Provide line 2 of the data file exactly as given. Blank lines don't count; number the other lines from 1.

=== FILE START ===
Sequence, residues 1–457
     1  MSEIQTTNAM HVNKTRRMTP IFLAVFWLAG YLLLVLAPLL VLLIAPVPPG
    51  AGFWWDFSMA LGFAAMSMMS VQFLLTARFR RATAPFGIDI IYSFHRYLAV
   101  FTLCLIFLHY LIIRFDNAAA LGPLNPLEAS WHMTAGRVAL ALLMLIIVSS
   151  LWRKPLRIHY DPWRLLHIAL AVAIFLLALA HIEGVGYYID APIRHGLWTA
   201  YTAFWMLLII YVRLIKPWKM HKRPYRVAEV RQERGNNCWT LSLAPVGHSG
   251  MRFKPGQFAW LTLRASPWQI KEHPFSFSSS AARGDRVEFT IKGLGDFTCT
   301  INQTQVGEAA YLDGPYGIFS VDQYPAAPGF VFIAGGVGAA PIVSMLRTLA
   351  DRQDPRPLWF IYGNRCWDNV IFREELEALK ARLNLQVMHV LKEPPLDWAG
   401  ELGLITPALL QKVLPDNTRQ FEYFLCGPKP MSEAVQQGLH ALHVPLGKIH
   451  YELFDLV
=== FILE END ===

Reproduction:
     1  MSEIQTTNAM HVNKTRRMTP IFLAVFWLAG YLLLVLAPLL VLLIAPVPPG